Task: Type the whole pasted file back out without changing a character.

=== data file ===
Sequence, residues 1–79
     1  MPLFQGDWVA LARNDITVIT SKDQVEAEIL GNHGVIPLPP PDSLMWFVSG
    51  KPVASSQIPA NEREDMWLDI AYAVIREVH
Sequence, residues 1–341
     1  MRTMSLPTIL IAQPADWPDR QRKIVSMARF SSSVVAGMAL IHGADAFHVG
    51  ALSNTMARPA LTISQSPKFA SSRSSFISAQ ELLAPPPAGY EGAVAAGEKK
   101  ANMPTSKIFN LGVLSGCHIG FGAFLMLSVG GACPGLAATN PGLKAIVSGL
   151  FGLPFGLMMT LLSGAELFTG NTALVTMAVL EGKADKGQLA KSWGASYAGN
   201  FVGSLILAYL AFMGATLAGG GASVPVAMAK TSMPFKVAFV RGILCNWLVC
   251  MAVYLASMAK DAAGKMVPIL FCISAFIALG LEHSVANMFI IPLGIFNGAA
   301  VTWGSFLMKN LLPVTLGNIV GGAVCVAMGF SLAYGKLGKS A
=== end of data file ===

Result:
Sequence, residues 1–79
     1  MPLFQGDWVA LARNDITVIT SKDQVEAEIL GNHGVIPLPP PDSLMWFVSG
    51  KPVASSQIPA NEREDMWLDI AYAVIREVH
Sequence, residues 1–341
     1  MRTMSLPTIL IAQPADWPDR QRKIVSMARF SSSVVAGMAL IHGADAFHVG
    51  ALSNTMARPA LTISQSPKFA SSRSSFISAQ ELLAPPPAGY EGAVAAGEKK
   101  ANMPTSKIFN LGVLSGCHIG FGAFLMLSVG GACPGLAATN PGLKAIVSGL
   151  FGLPFGLMMT LLSGAELFTG NTALVTMAVL EGKADKGQLA KSWGASYAGN
   201  FVGSLILAYL AFMGATLAGG GASVPVAMAK TSMPFKVAFV RGILCNWLVC
   251  MAVYLASMAK DAAGKMVPIL FCISAFIALG LEHSVANMFI IPLGIFNGAA
   301  VTWGSFLMKN LLPVTLGNIV GGAVCVAMGF SLAYGKLGKS A